During National Consumers Week it is appropriate to note that the nation's marketplace operates on the premise that buyers will choose products they consider of good value and safe, and reject those that are not. A problem is that there are hazards that consumers cannot see, but that can be dangerous or even fatal. Some hazards are so hidden even the companies that make the products are unaware of the dangers.

A rubber pacifier on a store shelf seems harmless, but while an infant is sucking on it, cancer-causing nitrosamines could enter the tiny body. Asbestos fibers floating in the air of a school or workplace are visible only through an electron microscope, but the cancer- causing fibers can be inhaled into the body. Formaldehyde, vinyl chloride, benzene and some pesticides also harboed hidden hazards, but fortunately, as a result of government intercession and victims' court suits, some dangers have subsided.

Now comes a study by the Washington-based Media Institute, an organization interested in improving business- media relations, entitled, "Chemical Risks: Fears, Facts and the Media." The theme is that the media are relying too heavily on government warnings and not enough on industry and independent sources. The proof cited is that government sources are quoted more often and at greater length.

Underlying the content analysis approach is the notion that a newspaper or station should present an even-handed report on an issue regardless of what the facts might be. For example, if the subject were drunk driving, a robot-like reporter would quote persons with facts on the hazards of drunk driving and give equal space to those who, perhaps for self-interest reasons, think it's not so bad. If the Media Institute were to analyze the content of actual newspaper articles on drunk driving, it might decide this was unfairly presented too.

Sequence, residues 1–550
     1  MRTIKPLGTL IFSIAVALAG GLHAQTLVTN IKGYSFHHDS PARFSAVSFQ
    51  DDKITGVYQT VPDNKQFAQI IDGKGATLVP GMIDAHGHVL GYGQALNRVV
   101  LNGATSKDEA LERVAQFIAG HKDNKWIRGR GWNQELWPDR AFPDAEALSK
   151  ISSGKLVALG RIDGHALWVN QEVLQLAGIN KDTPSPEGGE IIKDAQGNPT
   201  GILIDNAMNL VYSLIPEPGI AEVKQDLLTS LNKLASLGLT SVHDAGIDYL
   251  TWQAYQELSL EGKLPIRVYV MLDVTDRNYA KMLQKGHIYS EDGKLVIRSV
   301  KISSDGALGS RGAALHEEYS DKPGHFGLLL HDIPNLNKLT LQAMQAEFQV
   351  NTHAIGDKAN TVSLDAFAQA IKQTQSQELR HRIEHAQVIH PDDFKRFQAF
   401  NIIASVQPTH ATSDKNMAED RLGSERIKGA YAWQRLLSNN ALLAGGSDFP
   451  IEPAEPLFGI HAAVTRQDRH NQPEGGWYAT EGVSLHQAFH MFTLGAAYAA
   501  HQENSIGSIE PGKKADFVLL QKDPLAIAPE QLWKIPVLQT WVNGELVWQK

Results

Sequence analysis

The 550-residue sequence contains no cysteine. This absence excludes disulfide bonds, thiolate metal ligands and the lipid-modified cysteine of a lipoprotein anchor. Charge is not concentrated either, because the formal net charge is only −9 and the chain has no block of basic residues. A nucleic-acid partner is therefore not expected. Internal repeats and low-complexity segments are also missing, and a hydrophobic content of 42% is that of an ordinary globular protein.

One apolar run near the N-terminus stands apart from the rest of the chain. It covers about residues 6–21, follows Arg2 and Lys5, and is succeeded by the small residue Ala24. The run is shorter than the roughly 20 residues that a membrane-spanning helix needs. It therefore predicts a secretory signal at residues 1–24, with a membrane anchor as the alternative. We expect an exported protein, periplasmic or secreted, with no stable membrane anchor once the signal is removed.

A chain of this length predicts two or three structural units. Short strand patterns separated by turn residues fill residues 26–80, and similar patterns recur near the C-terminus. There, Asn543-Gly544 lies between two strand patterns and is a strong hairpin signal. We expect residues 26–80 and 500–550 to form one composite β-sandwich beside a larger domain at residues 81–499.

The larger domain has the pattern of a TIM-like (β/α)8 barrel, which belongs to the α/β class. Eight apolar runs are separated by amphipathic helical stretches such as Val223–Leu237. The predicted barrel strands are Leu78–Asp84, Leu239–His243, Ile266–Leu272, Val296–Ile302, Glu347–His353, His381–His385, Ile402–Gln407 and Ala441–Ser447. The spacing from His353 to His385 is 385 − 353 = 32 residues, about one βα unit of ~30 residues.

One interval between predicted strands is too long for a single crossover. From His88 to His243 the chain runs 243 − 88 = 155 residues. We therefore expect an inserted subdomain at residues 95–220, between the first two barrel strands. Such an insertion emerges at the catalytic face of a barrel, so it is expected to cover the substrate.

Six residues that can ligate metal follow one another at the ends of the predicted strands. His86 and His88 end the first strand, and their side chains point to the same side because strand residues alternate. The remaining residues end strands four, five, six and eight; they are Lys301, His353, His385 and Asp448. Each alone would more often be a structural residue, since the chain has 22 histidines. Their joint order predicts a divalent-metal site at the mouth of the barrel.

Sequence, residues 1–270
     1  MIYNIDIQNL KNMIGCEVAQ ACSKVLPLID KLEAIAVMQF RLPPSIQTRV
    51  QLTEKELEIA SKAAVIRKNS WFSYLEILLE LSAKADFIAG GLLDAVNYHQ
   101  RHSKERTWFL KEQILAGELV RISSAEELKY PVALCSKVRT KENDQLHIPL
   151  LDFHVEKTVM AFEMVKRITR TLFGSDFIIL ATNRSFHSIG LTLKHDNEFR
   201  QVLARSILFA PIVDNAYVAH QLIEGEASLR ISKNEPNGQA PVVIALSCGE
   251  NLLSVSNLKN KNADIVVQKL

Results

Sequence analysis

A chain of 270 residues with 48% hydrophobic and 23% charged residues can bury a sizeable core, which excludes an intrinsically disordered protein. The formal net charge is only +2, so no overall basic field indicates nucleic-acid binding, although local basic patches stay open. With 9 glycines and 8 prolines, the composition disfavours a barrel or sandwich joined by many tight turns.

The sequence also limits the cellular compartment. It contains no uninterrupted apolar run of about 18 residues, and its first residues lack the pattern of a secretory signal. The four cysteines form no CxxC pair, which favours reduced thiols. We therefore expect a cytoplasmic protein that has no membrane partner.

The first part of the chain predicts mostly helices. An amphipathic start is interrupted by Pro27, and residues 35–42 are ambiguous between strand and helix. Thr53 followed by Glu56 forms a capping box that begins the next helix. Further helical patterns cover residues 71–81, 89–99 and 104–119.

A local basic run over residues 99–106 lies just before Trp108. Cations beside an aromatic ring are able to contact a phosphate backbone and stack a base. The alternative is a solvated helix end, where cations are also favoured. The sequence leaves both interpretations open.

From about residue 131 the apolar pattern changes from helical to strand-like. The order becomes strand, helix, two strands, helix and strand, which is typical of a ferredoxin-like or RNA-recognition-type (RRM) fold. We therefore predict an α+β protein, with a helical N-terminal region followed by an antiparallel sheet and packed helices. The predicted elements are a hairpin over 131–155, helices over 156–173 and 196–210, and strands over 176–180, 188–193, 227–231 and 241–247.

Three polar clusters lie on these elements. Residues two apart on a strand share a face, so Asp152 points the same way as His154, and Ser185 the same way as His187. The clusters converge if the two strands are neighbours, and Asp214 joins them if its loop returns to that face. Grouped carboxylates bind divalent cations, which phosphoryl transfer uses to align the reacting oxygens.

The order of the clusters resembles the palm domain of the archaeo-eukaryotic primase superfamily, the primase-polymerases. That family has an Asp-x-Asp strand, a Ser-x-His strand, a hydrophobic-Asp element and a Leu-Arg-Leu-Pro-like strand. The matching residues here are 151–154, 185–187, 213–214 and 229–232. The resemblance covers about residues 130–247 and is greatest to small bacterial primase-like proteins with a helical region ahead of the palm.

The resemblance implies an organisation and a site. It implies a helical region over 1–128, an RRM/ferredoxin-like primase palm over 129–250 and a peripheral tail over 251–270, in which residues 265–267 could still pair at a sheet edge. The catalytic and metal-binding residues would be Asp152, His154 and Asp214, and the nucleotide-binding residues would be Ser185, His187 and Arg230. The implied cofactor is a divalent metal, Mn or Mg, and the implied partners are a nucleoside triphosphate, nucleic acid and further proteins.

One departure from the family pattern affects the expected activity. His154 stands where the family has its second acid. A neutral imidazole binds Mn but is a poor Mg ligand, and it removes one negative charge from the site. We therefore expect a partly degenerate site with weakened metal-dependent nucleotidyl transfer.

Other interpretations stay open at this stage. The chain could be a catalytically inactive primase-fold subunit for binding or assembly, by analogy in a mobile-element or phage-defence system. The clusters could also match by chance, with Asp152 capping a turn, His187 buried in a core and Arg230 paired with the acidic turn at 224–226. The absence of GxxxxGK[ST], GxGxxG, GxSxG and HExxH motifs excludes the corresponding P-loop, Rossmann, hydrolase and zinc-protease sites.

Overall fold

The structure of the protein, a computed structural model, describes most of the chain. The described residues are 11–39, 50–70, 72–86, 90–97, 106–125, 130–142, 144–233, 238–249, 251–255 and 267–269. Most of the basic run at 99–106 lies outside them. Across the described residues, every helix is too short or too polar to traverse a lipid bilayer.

In addition to more statements by manufacturers and trade associations, the report urges more use of independent scientists by the media. In fact, in order to make a statement about ethylene dibromide hazards, one of the report's case studies, a scientist would have to study the issue deeply and become expert in it. Acquiring such expertise is time consuming and expensive, and as a result such scientists usually work for either an affected industry or the government.

In the case of EDB, a widely used cancer-causing pesticide found on grain products such as cereals and cake mixes, the government did the analysis of the cancer studies, sampled food supplies, did the chemical analysis and made the risk assessment, all of which led ultimately to action by the Environmental Protection Agency. These were government initiatives and the results probably surprised even thet conscientious manufacturers. The Media Institute report suspects government agencies are self-serving, exaggerate dangers and do not present an unbiased picture.

While commercial interests certainly should have a chance to have their say in the media, I believe most readers look to government to represent the public interest in health and safety. Obviously, I reject the views of the Media Institute report. My concern now is that the media are not reporting adequately the backsliding of health and safety agencies of government.

Take EDB again. In 1975 the National Cancer Institute, after tests with laboratory animals, branded it a carcinogen. Eight years later, prodded by Florida state action, EPA decided strong measures were required. Last spring the head of EPA announced long-term plans to root EDB out from the food chain, but in the interim he recommended tolerance levels he hoped states would adopt and enforce. His goal was "a consistent, coherent approach to what is clearly a national problem."

The result was hodge-podge regulation. EDB is bad for your health, but protection depends on where you live. Some states adopted standards tougher than at the federal level and forced noncomplying products off the shelves. Some adopted lesser standards and some states did absolutely nothing. Manufacturers with national products had to deal with widely varying, state- by-state standards.

Other than a few reports on the confusion in The New York Times and fewer in The Washington Post, where were the press watchdogs -- and the concerned cereal-makers and their industry spokespersons?